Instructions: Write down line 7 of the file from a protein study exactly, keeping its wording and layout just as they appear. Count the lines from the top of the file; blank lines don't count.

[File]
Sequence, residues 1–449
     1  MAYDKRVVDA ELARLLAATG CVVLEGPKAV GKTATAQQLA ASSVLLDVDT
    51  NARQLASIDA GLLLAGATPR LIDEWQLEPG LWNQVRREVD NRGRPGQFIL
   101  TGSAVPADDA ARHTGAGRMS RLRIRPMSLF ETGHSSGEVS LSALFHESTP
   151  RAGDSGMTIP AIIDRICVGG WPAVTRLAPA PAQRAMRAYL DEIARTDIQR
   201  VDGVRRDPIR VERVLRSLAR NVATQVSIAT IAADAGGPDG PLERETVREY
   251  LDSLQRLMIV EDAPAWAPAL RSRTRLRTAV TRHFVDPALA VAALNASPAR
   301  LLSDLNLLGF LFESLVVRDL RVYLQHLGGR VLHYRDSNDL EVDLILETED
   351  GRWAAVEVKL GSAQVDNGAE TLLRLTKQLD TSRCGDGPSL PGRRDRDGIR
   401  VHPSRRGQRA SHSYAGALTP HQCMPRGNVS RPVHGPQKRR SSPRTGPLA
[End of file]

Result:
   251  LDSLQRLMIV EDAPAWAPAL RSRTRLRTAV TRHFVDPALA VAALNASPAR